In the 80th minute of Manchester United’s 3-0 Premier League win over Sheffield United on June 24, soccer became basketball when Manchester United coach Ole Gunnar Solskjaer made five substitutions at once. This would be called “clearing the bench” in the NBA; that is to say, when you are beating the opposition by such a large margin that you send in the reserves and give all your main players a rest. Solskjaer probably did not make this decision for historical reasons, but in a tactical sense it felt as momentous as the first time a human set foot upon the moon. It felt this way because soccer is most definitely not basketball. Until the arrival of the pandemic and the introduction of five substitutes rather than three, you could generally not make changes that radically altered a soccer team’s on-field makeup. Basketball, on the other hand, allows unlimited substitutions, and the sport is arguably all the more dynamic for it.
Looking at the careers of some of soccer’s most daring coaches, you sometimes wonder whether they ever have been secretly jealous of the freedoms long enjoyed by their basketball counterparts. Marcelo Bielsa is widely acknowledged as one of the game’s geniuses, someone whose approach has been taken and perfected by managers with far greater resources, and whose influence—constant pressing, swift movement of both players and ball, astonishing speed on the counterattack—can be seen in leading teams all over the globe. Yet the man who Pep Guardiola himself has hailed as “the best coach in the world” has never won a first division title in Europe.
That is not because Bielsa is not brilliant; it is because he is exhausting. Guardiola implied as much in 2011 after an astonishing tie between his Barcelona side and Bielsa’s Athletic Bilbao, when he observed that “they deny you space and time so well, and they take you on, one on one, all over the pitch. They’re beasts. I have never played against a team so intense.” It is simply not sustainable in a game with only three replacements to play an entire season at that level of physical exertion. But with five? What more could Bielsa’s teams have achieved then?
Years earlier, another coach operating in Spain tried to make soccer into basketball. Javier Irureta, during his brilliant years at Deportivo La Coruña, assembled a squad so good that at one point the replacements were almost as good as the starters. He could take off Roy Makaay and replace him with Diego Tristán, one of the best strikers in Europe at the time, or swap Djalminha for Juan Carlos Valerón, one of the greatest playmakers of his generation. Yet this, too, was unsustainable. Tristán felt slighted by Irureta’s refusal to start him more regularly despite his outstanding form, and the effect upon his confidence was terminal.
It is tempting, then, to imagine a soccer world that permanently has five substitutes: where a player like Tristán can get far more playing time and be consistently devastating from the bench. In the modern era, he might be more like Manu Ginobili was for the San Antonio Spurs, a superstar who began so many games on the sideline but who was brought on to provide their decisive moment. Maybe soccer could converge not only with basketball but with some of the other American sports, and fully embrace the concept of the specialist. In the future, we might see midfielders whose job is similar to that of the closer in baseball, where their only responsibility is to come on at the end of the game and preserve a lead. (This was the manner in which the great Xavi was used toward the end of his career with Barcelona.)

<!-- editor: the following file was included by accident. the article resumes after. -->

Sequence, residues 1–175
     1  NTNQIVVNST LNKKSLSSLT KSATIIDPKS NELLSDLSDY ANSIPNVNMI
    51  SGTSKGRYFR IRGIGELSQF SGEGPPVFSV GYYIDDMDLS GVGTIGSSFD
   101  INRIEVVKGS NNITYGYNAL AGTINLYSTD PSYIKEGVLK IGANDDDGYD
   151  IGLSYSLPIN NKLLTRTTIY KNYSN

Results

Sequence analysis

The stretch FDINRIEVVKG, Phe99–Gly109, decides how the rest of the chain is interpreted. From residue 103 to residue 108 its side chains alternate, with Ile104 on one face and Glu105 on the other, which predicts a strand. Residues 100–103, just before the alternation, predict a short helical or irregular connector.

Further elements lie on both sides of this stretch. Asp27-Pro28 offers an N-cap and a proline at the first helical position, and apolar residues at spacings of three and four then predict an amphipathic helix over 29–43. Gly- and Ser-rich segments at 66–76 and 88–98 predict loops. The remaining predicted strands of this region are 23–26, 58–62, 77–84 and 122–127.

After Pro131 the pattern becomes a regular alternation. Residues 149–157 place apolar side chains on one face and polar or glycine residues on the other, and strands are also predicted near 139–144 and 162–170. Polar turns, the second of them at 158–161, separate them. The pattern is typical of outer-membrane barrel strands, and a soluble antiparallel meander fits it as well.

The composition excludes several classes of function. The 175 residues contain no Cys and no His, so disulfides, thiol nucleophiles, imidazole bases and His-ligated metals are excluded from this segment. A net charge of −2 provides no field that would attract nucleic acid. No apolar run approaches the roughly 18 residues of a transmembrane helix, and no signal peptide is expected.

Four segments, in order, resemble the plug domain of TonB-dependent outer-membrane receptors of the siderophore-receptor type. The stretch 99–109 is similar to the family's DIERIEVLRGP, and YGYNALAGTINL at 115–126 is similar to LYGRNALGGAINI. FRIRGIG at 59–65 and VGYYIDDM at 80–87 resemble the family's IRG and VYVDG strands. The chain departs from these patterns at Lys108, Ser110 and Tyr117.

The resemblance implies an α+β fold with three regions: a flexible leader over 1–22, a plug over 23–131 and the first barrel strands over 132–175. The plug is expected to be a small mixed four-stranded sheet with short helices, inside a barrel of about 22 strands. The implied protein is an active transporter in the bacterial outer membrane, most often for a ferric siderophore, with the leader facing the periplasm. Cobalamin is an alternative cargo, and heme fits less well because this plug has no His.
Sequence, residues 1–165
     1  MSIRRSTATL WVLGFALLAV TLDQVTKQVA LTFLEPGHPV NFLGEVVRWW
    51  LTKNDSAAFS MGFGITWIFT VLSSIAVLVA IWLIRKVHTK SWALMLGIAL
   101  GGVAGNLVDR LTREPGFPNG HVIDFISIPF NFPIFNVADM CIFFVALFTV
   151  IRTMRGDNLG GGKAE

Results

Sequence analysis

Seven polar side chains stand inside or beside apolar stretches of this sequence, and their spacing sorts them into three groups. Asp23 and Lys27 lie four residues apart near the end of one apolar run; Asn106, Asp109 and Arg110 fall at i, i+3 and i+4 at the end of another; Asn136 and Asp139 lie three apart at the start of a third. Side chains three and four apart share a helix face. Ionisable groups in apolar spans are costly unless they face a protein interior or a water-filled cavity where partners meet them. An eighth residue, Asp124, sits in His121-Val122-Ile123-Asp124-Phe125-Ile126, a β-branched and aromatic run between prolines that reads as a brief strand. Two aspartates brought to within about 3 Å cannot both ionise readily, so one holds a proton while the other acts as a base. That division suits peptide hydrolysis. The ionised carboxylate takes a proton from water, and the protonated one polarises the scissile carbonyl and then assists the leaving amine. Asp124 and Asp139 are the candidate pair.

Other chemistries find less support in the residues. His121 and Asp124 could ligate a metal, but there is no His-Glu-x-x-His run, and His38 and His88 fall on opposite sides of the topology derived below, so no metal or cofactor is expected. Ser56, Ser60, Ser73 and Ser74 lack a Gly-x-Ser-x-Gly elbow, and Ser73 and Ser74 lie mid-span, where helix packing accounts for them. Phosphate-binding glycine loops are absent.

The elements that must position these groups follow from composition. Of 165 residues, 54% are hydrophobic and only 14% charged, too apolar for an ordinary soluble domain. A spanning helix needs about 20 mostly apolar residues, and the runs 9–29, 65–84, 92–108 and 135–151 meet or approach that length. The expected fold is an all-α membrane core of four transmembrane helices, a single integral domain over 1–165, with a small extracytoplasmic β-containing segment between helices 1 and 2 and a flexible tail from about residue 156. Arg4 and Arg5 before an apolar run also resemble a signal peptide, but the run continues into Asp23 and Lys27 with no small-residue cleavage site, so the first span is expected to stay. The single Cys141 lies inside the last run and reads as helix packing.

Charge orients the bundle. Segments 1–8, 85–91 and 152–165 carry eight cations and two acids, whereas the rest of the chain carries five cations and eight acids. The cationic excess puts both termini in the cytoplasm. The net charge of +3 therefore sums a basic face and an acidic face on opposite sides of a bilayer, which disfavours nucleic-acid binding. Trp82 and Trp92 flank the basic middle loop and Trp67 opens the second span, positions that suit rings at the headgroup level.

On the question of whether soccer should increase its substitution count, there is one strong argument for and one against. In a positive sense, it could help cut down on injuries. The rule allowing a maximum of three substitutes was introduced at a time when medical professionals might not have envisaged the remarkable strain. The modern player is faster, stronger, and fitter than they were a generation ago, and perhaps therefore more prone to muscle fatigue than in those years past.
Conversely, though, there is the fear that increasing the number of substitutes would be overwhelmingly beneficial to wealthy teams—that is to say, those who can easily afford the squad depth of which Marcelo Bielsa has perhaps secretly dreamed. Recently, watching Manchester City’s fleet of replacements waiting by the edge of the pitch, I had a grim thought: of rich clubs simply stacking their sides with elite talent, so that endless hordes of super-fit and world-class players would keep storming forth from the bench and hammer poorly resourced teams out of sight. Maybe, in that universe, the FA Cup Final between Manchester City and Watford—where Kevin de Bruyne came on to claim the man-of-the-match award in just 38 minutes—was a foreshadowing of the future. That’s a reality I don’t want to imagine, and one that is already uncomfortably close; if and when soccer does more closely resemble basketball, it will only mean that the rich are able forever to dunk on everyone else.